Rolling Philosophy

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i thought that was why the nope

plax (ico), Wednesday, 16 June 2010 19:56 (4 years ago) Permalink

cos its like, pan-religiousy in a fucking marshmallowy meaningless way.

is the point

plax (ico), Wednesday, 16 June 2010 19:57 (4 years ago) Permalink

philosophy

plax (ico), Wednesday, 16 June 2010 19:57 (4 years ago) Permalink

man

plax (ico), Wednesday, 16 June 2010 19:57 (4 years ago) Permalink

ho shit. i thought the donkey-wheel was just meta.

n e ways, plaxico otm

ultra nate dogg (history mayne), Wednesday, 16 June 2010 19:59 (4 years ago) Permalink

yeah, interdisciplinary work is so fruitless

ksh, Wednesday, 16 June 2010 20:04 (4 years ago) Permalink

even if you don't consider analytic and continental philosophy to be two separate disciplines—maybe they are, and maybe they aren't—saying that you need to take sides doesn't really make much sense. not saying you can just take random aspects of the two and mash them together, but if you notice a place where the two lines up, you certainly can link them together and work from there

ksh, Wednesday, 16 June 2010 20:06 (4 years ago) Permalink

seems like u r def. the man to do that good look

plax (ico), Wednesday, 16 June 2010 20:08 (4 years ago) Permalink

btw, lol that ILX Philosophy thread started discussing Lost less than 50 posts in

Mordy, Wednesday, 16 June 2010 20:18 (4 years ago) Permalink

Ugh, maybe I won't be looking forward to this thread as I had initially thought. Fucking assholes coming out of the woodwork already.

I don't believe that analytic and continental disciplines can ever be reduced into each other, and nor should they, but to suggest that they cannot both be appreciated is the most disgusting savagery.

emil.y, Wednesday, 16 June 2010 23:56 (4 years ago) Permalink

I don't think those people are assholes.

bamcquern, Thursday, 17 June 2010 00:57 (4 years ago) Permalink

Analyze the disgusting savage archetype?

Mordy, Thursday, 17 June 2010 00:59 (4 years ago) Permalink

I'm just going to treat this as the rolling talk about academics thread, fuck distinctions imo

dyao, Thursday, 17 June 2010 01:05 (4 years ago) Permalink

anyway, picked up history of sexuality part I, it's actually my first full on foucault book instead of a few scattered essays and excerpts here and there. have only read the prologue but excited

dyao, Thursday, 17 June 2010 01:05 (4 years ago) Permalink

not wanting to put you off or anything, but dunno if history of sexuality is the best place to start w/ foucault - i think it's one of his most esoteric and least satisfying bks, tbh. for me, discipline and punish was a really gd intro to his thought and style - works as a piece of theory and as (obv contentious) history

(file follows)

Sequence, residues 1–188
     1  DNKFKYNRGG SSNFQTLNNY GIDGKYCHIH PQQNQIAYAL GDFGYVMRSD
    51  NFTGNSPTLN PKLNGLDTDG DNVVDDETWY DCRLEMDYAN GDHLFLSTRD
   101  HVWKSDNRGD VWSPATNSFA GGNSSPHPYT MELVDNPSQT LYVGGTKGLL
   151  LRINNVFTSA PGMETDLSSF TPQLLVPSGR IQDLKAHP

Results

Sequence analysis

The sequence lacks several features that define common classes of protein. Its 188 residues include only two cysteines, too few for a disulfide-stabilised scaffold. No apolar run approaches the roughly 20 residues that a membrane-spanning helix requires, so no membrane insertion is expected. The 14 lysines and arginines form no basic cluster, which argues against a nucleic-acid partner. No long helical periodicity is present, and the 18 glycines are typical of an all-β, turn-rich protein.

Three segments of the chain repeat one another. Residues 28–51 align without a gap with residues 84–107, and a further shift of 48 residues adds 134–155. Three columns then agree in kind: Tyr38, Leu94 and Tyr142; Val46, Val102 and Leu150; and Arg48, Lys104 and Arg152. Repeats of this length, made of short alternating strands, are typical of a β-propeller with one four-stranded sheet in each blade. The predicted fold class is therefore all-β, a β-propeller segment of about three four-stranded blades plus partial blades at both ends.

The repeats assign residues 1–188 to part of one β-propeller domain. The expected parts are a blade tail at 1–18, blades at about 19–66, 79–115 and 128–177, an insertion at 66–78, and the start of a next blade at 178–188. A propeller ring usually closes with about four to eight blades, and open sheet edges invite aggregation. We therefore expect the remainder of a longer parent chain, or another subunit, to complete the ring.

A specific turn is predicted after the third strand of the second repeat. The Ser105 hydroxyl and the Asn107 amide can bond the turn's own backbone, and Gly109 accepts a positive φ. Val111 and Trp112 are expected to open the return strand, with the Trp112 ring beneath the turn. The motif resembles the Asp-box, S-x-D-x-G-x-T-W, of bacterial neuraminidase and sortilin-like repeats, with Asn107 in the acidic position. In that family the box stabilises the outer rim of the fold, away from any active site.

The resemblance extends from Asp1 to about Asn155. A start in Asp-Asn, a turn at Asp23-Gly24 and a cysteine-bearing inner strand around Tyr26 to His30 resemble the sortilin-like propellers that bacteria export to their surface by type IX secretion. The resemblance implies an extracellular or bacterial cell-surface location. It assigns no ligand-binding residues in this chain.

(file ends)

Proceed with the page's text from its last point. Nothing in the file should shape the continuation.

Ward Fowler, Thursday, 17 June 2010 06:39 (4 years ago) Permalink

i am so goddamn out of touch w/philosphy these days, i am a bad philo grad. it bugs me, because i think ive lost a lot of what i already knew just through not engaging with it, kind of a tough discipline if you dont stay on top of it.

― ULTRAMAN dat ho (jjjusten), Wednesday, June 16, 2010 1:41 PM (Yesterday) Bookmark Suggest Ban Permalink

^^^^ I double majored and am working in the field of my other major so yeah, I'm stupid again so to speak. Hopefully this thread will bring back that loving feeling of my brain turning inside out.

peacocks, Thursday, 17 June 2010 18:09 (4 years ago) Permalink

i found history of sexuality I quite satisfying and not as hard to get through as d&p

harbl, Thursday, 17 June 2010 18:14 (4 years ago) Permalink

i read this really good book called the fountanhead once

michael, Thursday, 17 June 2010 18:19 (4 years ago) Permalink

wat was it about?

peacocks, Thursday, 17 June 2010 20:39 (4 years ago) Permalink

how awesome awesome people are

Mordy, Thursday, 17 June 2010 20:44 (4 years ago) Permalink

i think it was about rape and architecture, kinda like Discipline & Punish, only longer.

sarahel, Thursday, 17 June 2010 20:50 (4 years ago) Permalink

yeah i woulda said history of sexuality was totally perfect intro to foucault, kinda feel like its both the most developed and clearest version of many of his tropes etc.

plax (ico), Thursday, 17 June 2010 21:32 (4 years ago) Permalink

the Foucault lecture courses that have been coming out in english translation over the past few years are also great -- I find the lecture format really easy to follow (not that Foucault's other books are particularly offensive in this regard; just sayin'), and there's a lot of great stuff in there

INSUFFICIENT FUN (bernard snowy), Thursday, 17 June 2010 21:48 (4 years ago) Permalink

lately my reading has been directed more toward early-20th century european philosophy (phenomenology, Diltheyan hermeneutics, various neo-Kantianisms) in an effort to get a better grasp on the origins of the main postwar intellectual (and some political) movements. and maybe to finally understand Heidegger, but I'm not holding my breath.